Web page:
Looting of golden bells from the Temple of Heaven
The Boxer Rebellion (1899-1900) began as an uprising against foreign influence in China and resulted in fighting between Chinese forces and an eight-nation alliance, which included Britain and Germany. Following the conflict, troops from the foreign coalition occupied areas in northern China for over a year, during which time looting and acts of violence were common.
In 1920, the British Foreign Office was informed that an individual had approached German officials offering - for a price - evidence of such looting carried out by Indian Army personnel. The individual believed this would interest the German government as the Treaty of Versailles required them to return looted items, and such evidence might give them some political benefit. The Germans declined to purchase it, but its existence prompted the British to investigate the matter.
The evidence comprised communications between officers in the 16th Cavalry and inspired a flurry of correspondence between India and the UK. Reading these, we can determine the sequence of events.
The Temple of Heaven, Peking from The Earth and its Inhabitants. The European section of the Universal Geography by E. Reclus. Edited by E. G. Ravenstein (London, 1878).
During the occupation of Peking (modern Beijing), two golden bells were taken from the Temple of Heaven by Indian Army officers; one was taken by C. E. Thornton of the 16th Cavalry from what was subsequently described as a rubbish heap. The commanding officer gave permission for the bells to be taken back to India as regimental trophies, where the 16th kept theirs as mess decoration. In 1906, while Thornton was on leave for medical reasons, other officers in the regiment voted to sell the bell. Thornton objected, claiming that as ‘finder’ he had sole rights over the bell. The dispute prompted Thornton to contact lawyers and the bank where the bell was temporarily stored, and the whole affair was made public. Ultimately, the British government decided that as the bells were found in ‘rubbish’ and as commanding officers had given permission for their removal, no looting had taken place.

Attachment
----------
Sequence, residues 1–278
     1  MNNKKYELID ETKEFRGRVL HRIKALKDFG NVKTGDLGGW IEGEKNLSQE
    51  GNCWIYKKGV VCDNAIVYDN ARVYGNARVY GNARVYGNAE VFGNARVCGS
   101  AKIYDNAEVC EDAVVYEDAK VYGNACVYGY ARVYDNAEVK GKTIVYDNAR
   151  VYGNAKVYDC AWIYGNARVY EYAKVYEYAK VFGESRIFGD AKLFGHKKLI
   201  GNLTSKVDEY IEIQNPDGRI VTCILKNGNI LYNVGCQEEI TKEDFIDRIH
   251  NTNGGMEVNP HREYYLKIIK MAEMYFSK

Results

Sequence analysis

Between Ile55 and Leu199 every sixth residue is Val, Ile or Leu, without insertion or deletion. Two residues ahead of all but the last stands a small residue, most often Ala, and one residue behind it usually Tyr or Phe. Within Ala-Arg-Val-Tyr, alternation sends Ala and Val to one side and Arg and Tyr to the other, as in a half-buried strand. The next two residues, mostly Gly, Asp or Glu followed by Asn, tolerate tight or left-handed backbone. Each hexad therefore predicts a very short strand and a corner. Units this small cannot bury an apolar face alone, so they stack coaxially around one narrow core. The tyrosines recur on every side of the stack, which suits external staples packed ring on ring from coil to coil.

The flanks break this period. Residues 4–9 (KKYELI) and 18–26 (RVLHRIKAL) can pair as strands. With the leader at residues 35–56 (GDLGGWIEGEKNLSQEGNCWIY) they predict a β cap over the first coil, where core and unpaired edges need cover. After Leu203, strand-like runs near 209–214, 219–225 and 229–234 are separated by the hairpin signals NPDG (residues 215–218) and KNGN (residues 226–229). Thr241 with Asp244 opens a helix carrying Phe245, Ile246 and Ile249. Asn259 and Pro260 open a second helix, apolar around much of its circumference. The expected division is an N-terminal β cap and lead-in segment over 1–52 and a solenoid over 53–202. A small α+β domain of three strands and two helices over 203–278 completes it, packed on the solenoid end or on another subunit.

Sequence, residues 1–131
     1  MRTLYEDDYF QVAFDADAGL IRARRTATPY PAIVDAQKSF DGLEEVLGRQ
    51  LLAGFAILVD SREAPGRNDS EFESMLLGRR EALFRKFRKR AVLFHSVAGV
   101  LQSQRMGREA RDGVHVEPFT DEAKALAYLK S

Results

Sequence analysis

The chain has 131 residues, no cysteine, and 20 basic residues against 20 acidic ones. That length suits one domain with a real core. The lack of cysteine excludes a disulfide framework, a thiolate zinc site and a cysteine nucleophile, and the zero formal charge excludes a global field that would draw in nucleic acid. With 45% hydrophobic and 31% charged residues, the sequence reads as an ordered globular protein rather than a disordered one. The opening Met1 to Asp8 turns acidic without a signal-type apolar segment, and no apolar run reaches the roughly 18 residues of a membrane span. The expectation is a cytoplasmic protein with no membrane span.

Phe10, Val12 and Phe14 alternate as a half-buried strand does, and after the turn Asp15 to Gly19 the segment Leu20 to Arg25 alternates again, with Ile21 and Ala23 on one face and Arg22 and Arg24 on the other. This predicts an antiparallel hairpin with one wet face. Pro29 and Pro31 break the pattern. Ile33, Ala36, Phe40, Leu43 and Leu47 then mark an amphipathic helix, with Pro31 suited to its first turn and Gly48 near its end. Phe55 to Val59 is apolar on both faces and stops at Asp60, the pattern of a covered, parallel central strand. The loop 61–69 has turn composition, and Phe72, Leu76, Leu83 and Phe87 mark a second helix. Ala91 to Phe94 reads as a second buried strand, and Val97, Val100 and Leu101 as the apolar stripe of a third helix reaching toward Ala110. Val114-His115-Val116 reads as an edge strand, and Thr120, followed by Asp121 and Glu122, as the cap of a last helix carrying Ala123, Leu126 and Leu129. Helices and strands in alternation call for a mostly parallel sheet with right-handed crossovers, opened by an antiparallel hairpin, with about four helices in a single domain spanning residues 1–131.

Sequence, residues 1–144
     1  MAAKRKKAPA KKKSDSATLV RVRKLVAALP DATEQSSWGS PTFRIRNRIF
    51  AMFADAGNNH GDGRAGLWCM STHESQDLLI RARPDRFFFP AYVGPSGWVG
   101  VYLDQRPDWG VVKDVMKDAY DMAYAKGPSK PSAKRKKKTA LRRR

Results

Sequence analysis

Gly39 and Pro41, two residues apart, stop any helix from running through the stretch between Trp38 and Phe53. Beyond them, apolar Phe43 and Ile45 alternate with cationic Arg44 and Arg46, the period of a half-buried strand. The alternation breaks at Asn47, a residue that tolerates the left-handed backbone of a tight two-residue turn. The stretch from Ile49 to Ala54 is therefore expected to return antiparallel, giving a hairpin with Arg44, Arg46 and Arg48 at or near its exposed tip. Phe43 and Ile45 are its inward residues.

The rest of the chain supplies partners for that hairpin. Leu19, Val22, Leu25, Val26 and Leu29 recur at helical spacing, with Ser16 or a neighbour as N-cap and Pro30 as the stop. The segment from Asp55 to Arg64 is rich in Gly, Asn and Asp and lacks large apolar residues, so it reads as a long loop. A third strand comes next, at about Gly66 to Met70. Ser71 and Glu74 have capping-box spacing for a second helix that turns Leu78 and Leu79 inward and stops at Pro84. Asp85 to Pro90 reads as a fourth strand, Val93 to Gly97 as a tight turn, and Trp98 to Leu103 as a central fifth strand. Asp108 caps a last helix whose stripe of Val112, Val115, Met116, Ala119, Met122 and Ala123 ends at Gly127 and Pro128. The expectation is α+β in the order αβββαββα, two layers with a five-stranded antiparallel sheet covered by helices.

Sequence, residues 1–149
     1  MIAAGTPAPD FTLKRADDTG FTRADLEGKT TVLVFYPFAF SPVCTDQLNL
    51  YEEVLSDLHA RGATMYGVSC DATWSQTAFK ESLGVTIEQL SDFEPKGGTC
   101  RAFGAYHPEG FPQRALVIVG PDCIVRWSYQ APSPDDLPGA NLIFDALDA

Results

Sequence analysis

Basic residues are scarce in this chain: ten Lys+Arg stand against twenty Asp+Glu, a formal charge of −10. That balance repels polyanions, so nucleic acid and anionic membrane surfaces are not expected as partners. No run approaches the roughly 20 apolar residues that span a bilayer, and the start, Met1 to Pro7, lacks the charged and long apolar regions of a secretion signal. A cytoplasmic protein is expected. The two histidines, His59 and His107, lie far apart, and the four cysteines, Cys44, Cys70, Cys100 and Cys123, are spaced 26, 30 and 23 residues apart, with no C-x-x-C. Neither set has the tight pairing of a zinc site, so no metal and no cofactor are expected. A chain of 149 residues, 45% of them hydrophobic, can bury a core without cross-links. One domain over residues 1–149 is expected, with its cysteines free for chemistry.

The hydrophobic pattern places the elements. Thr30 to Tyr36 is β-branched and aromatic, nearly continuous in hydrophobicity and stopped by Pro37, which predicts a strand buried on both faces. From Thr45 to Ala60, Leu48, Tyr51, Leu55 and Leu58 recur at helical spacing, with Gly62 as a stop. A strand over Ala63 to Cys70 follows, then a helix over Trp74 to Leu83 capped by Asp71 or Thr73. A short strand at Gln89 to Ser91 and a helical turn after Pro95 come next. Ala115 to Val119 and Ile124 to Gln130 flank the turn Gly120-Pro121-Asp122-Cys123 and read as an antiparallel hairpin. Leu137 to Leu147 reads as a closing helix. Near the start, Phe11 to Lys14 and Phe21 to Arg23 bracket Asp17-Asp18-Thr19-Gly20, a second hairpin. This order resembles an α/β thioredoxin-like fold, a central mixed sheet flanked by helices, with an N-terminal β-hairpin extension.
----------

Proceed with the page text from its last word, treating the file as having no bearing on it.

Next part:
In 1927, Mr H. Beechey started sending letters insisting on the restoration of either the bells or their value to the Temple of Heaven. Beechey was persistent; he sent multiple letters to the Foreign Office, various politicians, the Prime Minister, and even the King-Emperor George V himself.
The recipients of his letters were dismissive of such demands; however, newspaper articles from the time suggest the general public was not. In 1921, the Daily Express reported demands raised by Chinese voices in London for the value of the bells to be restored to the Temple. Articles continued to appear in various papers over the next decade, but eventually the public lost interest in the story.
In 1994, there were reports in online publications of a bell returned by the Indian Government to the Temple of Heaven, one of sixteen that were taken by British troops during the Boxer Rebellion. Whether the bells mentioned in file IOR L/MIL/7/16819 were part of this set is unclear, but perhaps there are other files in the India Office Records, waiting to be discovered, that could add to the story.
Student of librarianship, Royal Melbourne Institute of Technology
British Newspaper Archive -Daily Express, 15 July 1921
New York Herald, 3 January 1926
IOR L/MIL/7/16819 Collection 402/153 Alleged looting of golden bells from Temple of Heaven, Peking (Beijing) by British officers of Indian Army, 1920-1927.